In-universe, Red is idolized by every single Bug Catcher for the dragon-slaying incident.
Bug Catchers are looked down upon as “hobbyists”, so it’s important for them to have a rolemodel in a Pokémon Champion who got there with a (underleveled!) bug Pokémon.
Traces of coca and nicotine found in Egyptian mummies - WTF fun facts
well DUH. a lot of historians are still trying to process the fact that ancient egyptians knew how to build boats, which is ridiculous. why would they not be seafarers and explorers?
this is not new or surprising information at all. it pretty much day one of any african-american studies course.
the egyptians knew that if they put their boats in front of the summer storm winds it’d blow them right across the sea to the Americas and they shared that with the greeks.
It’s really hard for people to understand that everyone had boats, exploration, and trade interactions without the same level of murder, colonization, and violence that the Europeans did. It’s really hard for people to get that.
The Sea-Craft of Prehistory (book; Eurocentric as heck)
Scientific Evidence for Pre-Columbian Transoceanic Voyages (273 pages-for the hardcore only!):The only plausible explanation for these findings is that a considerable number of transoceanic voyages in both directions across both major oceans were completed between the 7th millennium BC and the European age of discovery. Our growing knowledge of early maritime technology and its accomplishments gives us confidence that vessels and nautical skills capable of these long-distance travels were developed by the times indicated. These voyages put a new complexion on the extensive Old World/New World cultural parallels that have long been controversial.
At twilight on August the 25th 1999, one week before classes were to begin, Hermione Granger Apparated into Hogsmeade, a wand box clutched under her arm.
Headmistress McGonagall was waiting for her outside the Three Broomsticks. The two women greeted each other warmly, and then set off towards the castle. Or rather, towards the grounds outside the castle.
They chatted amiably as they strolled towards the groundskeeper’s hut. Hagrid, sitting outside and darning a pair of enormous socks, looked up as they approached.
“Good evenin’ Headmistress, Hermione,” he said with some gruff surprise.
“Good evening, Hagrid,” replied McGonagall. “May we go inside? I believe Hermione has a proposition to discuss with you.”
If you had stood outside the hut as the evening darkened and the stars rose into the sky, you’d have heard the rumblings of an argument coming from inside the hut. You’d have heard Hagrid’s gruff refusals, Hermione’s calm (and then not so calm) rebuttals, and the very occasional interjection of the Headmistress.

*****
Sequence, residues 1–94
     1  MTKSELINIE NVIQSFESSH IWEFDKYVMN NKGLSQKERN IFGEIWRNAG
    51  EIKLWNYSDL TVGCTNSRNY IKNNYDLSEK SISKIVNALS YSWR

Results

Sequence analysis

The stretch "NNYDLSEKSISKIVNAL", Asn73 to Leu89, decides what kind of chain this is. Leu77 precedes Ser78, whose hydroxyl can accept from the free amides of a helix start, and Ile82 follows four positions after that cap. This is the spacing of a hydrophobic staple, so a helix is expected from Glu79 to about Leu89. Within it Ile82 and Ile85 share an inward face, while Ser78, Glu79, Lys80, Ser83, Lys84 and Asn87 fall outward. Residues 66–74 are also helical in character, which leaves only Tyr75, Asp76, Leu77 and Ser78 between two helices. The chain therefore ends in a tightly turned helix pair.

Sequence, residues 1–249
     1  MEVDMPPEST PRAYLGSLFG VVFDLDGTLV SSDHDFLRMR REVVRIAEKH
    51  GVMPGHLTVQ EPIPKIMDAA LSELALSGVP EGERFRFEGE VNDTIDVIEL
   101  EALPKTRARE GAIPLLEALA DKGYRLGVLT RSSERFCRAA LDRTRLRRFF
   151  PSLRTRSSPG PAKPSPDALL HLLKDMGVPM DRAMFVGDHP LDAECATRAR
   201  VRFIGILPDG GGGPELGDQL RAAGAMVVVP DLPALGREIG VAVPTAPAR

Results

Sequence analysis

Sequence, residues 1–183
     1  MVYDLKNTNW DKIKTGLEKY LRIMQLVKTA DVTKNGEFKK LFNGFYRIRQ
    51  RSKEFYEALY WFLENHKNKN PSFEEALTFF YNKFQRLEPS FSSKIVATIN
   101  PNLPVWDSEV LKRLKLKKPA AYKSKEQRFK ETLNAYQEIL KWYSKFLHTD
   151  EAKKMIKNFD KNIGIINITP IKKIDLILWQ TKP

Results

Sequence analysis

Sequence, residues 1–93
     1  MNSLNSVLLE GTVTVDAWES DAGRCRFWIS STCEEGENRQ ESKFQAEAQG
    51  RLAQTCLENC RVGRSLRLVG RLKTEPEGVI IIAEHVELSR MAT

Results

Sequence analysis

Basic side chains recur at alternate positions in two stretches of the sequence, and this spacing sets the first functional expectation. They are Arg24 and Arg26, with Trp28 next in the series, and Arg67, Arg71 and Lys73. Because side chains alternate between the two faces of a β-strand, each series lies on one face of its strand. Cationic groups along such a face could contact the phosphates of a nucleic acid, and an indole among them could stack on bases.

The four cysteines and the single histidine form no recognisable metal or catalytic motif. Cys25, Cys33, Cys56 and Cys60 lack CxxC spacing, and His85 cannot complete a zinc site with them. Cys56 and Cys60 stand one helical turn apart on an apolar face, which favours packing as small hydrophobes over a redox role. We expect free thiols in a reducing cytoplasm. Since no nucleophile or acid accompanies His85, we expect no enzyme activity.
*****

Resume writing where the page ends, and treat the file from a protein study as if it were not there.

Hermione did not emerge until the moon had fully risen and darkness enveloped the grounds. But in the light of the nearly full moon, you could see a smile on her face.
The Shrieking Shack was no longer widely believed to be haunted, now that the story of Remus Lupin was fully known. Still, the residents of Hogsmeade and Hogwarts avoided it out of a mixture of respect and residual fear.
This suited Hermione perfectly. The interior of the Shack was now stacked with books and bottles of potion ingredients. A cauldron sat in the corner, a telescope pointed out a cracked window, and cushions lined one wall. A table was covered in parchment, broken quills, ink pots and stains. Once a week, Hermione would apparate into the Shack and go over her notes from the previous session while she awaited her student’s arrival.
Sometimes he was late without explanation. Sometimes he would bring a wounded bowtruckle he wasn’t comfortable leaving on its own. Sometimes Fang would follow him and sit in the corner whining while his master sweated and cursed over a cauldron. Hermione was calm but firm, making adjustments as needed and letting Hagrid’s frustrated words roll off her back like water droplets.
The Hogsmeade residents may have turned a blind eye to the goings-on in the Shrieking Shack, but that didn’t mean they weren’t relieved as time went on and there were fewer and fewer roars of anger echoing through the village.
The OWL testers had been warned in advance that they would have an unusual student that year. That didn’t mean they weren’t taken aback when Rubeus Hagrid appeared on their testing scrolls. They all knew of him of course, knew the role he played in the Second War and of the false accusations leveled against him.
They were worried they would have to be kind.
They needn’t have. No one could have Hermione Granger teach them personally for a year and not improve in all aspects. His potions may not have been textbook perfection, he may not have fully transfigured his toad, but Hagrid had clearly worked hard to master his long dormant abilities.
Rubeus Hagrid may not have followed the traditional path to wisdom. But he had a new wand, the (sometimes grudging) respect of his peers, classes to teach and 6 OWLs.
Including the highest score ever recorded on Care of Magical Creatures.
(written and submitted by ppyajunebug; please excuse me, because I have something in my eye. Oh yes, it is my joyful tears. ppyajunebug has a way of bringing those out of me, you see. Their submissions tackle some of the saddest moments in canon, turning them around and making something beautiful out of them.)
Did ‘I never mentioned that I like to draw trees?
7bte Zwerg visual development, environment production design
Ooooh, been thinking about sketching plants all day. This inspires me to get going on it.
omfg it feels a bit like thierry martin